Developing GLP-1 Weight Loss Drugs was ‘Harder’ Than Detecting Gravity Waves

I don’t think it’s possible to overstate how big of a deal these GLP-1 weight loss drugs are, the primary two being Mounjaro (tirzepatide) and Wegovy (semaglutide). Although these drugs have only been on the market for a couple years, there are already large communities discussing them. In all likelihood, actual usage is probably a lot higher than reported usage. There is still a sort of social stigma associated with weight loss drugs. It’s like saying, “I need a $1,000/month drug because I lack the willpower to put the fork down.” The same for cosmetic surgery. People like to show off the results of having had surgery, but are secretive about actually having undergone it, in which there is still a stigma. Successful cosmetic surgery looks like having not underwent any obvious surgery at all.

But if only losing weight were so easy. Putting down the fork is easy, but keeping it down is the challenging part. There have been many stories bemoaning how science studies fail to replicate–the so-called ‘replication crisis’, but the overall futility of diets is one of the most persistent and well-replicated findings of human biology. People may lose weight initially, and then regain much of it 2-3 years later, assuming much weight is lost at all. As I wrote earlier, these drugs are a game changer in the battle against obesity, as nothing short of bariatric surgery has been shown to work at producing long-term weight loss.

It’s not like debating mask or lockdown efficacy or how well vaccines worked at stopping Covid, in which both sides can readily summon convincing studies for or against their respective positions by cherry picking cities or counties in which masks worked or failed: the evidence is close to incontrovertible for all demographics and other variables that diets do not work except for maybe a small percentage of the population.

To get an idea of how advanced these drugs are, the detection of gravity waves by LIGO (Laser Interferometer Gravitational-Wave Observatory), as predicted by Einstein’s theory of general relativity, preceded Ozempic by five years, in 2015 vs 2020. And then Mounjaro, which came to market in late 2021, developed by Eli Lilly, which is even more powerful. To put this in perspective, the detection of gravity waves entailed precision comparable to “measuring the distance to the nearest star (some 4.2 light-years) to an accuracy smaller than the width of a human hair…”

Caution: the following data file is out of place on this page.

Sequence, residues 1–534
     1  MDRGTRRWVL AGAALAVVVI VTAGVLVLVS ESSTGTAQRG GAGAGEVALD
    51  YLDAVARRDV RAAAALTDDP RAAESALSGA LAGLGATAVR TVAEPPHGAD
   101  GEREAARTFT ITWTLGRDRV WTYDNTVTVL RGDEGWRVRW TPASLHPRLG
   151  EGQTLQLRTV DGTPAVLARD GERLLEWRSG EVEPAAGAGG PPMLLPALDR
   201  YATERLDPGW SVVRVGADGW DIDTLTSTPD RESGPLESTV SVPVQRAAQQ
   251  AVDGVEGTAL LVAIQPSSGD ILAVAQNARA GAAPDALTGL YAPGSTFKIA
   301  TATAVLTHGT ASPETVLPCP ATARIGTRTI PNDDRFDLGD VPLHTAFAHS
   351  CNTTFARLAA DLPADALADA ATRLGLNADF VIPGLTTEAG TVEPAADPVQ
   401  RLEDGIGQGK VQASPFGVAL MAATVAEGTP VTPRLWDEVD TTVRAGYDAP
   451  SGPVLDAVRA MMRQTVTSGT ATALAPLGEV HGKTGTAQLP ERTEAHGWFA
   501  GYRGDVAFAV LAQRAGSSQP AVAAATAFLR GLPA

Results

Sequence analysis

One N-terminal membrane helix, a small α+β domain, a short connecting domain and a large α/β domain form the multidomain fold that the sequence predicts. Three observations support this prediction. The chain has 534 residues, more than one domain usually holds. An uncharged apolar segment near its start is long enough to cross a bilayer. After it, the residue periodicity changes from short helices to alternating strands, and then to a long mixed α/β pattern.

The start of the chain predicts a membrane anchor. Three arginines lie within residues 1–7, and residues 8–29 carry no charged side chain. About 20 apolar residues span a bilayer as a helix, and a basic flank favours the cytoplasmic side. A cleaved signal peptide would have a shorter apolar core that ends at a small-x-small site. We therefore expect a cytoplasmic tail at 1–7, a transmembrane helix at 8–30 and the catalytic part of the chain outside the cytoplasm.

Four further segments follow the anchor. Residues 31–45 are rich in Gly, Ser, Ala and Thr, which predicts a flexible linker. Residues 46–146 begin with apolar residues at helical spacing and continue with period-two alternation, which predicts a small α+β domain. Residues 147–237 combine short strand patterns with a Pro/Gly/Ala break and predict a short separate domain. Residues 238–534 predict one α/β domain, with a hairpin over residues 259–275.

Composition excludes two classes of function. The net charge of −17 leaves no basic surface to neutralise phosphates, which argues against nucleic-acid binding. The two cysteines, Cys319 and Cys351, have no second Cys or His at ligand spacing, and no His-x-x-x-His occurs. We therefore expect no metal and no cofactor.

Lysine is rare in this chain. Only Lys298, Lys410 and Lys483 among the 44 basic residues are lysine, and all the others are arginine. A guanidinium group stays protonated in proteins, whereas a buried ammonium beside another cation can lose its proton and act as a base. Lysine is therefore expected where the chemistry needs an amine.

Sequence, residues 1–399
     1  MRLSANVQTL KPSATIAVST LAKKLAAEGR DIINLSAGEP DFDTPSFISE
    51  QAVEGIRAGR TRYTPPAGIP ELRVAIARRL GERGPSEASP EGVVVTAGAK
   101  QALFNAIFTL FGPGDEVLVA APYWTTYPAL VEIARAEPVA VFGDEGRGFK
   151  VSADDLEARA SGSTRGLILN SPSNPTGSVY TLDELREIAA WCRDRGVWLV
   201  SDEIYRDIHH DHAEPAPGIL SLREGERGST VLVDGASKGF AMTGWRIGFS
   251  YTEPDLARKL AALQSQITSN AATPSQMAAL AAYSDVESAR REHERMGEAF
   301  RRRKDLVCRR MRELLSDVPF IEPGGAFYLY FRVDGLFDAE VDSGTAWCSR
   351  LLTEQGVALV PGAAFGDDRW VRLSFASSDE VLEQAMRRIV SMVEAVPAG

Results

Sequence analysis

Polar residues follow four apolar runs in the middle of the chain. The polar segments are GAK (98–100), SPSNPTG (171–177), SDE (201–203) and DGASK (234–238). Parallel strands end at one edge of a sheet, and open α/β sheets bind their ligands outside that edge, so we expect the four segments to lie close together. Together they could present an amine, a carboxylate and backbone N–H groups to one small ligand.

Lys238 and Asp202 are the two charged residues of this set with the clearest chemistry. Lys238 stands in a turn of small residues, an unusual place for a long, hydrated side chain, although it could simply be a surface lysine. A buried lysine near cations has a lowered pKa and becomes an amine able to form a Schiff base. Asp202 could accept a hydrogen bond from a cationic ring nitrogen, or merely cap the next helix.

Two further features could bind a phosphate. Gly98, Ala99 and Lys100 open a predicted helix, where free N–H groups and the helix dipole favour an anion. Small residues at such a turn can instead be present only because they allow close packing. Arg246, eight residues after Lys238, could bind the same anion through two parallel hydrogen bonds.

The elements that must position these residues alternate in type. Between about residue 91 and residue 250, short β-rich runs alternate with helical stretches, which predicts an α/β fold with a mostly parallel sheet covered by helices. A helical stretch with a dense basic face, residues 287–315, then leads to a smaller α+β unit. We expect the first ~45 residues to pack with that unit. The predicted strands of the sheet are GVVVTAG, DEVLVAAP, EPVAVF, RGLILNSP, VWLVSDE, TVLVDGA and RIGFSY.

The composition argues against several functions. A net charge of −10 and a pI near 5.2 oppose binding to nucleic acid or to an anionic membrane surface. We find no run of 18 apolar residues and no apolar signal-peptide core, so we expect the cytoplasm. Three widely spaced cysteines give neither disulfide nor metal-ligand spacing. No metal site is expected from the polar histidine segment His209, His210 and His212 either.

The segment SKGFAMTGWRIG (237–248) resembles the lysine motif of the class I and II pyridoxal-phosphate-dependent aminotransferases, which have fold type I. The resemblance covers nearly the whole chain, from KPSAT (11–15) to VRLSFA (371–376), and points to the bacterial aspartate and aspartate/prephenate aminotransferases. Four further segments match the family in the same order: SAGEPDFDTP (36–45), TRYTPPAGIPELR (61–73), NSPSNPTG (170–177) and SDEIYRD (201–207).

Yes, measuring a cosmic hair was easier than developing a safe (as far as we know based on GLP-1 use dating back to the early 2000s for diabetes treatments, and clinical trials), non-stimulant, non-addictive, and effective weight loss drug. And this is despite the backing of multiple muti-billion dollar corporations and huge demand for weight loss drugs as a market incentive, and still it took a really long time. The development of weight loss drugs goes back a century, such as DNP (repurposed as a weight loss drug, but with lethal consequences for some users), phentermine, etc. Federal or state-backed science budgets are comparably paltry, and no market demand.

The usual objections are like, “But people were much more lean hundreds of years ago. Can’t we adopt their lifestyle?” True, but average life expectancy was only around 40-50 at that time, and not just due to childhood and infant mortality. It’s easier to stay lean when you are sick with infections or competing with intestinal parasites for nutrition due to spoiled food. It would seem as if rising rates of obesity tracks modernity and rising lifespans. (And perhaps we’re at the point in which obesity has become so bad that it begins to lower life expectancy.) As people live longer, especially past 40, obesity rises. This is is seen all over the world, even in Africa, in which countries like Nigeria have obesity rates comparable to parts of the US now (14-17%).

But these drugs are not miracle drugs, and are not without potentially negative side effects such as nausea, nutritional deficiencies, and muscle loss. Efficacy is variable. The typical weight loss is 13-25% of starting weight, but this varies considerably. From what I have read, about 10% of individuals lose little to nothing, and others lose a much higher percentage. Success stories online of substantial weight loss may influenced by survivorship bias: people who lose little or no weight are going to be less inclined to share their progress.

The true ‘miracle drug’ or game changer will be a safe, non-addictive metabolism booster, similar to DNP but without the accidentally ‘cooking your body to death’ aspect of it, or heart problems and addiction from stimulants. A metabolism booster will bypass some of the potential muscle loss and nutritional deficiencies of GLP-1 drugs by allowing people to eat full meals without the nausea and other problems that arise from delayed gastric emptying from Mounjaro and similar drugs. In the battle against obesity, society needs all the help it can get. Given that it took 100 years to get to where we are now in which third of the nation is obese, the timing could not have been better, but owing to the complexity of human biology it may be a while before we see another breakthrough.

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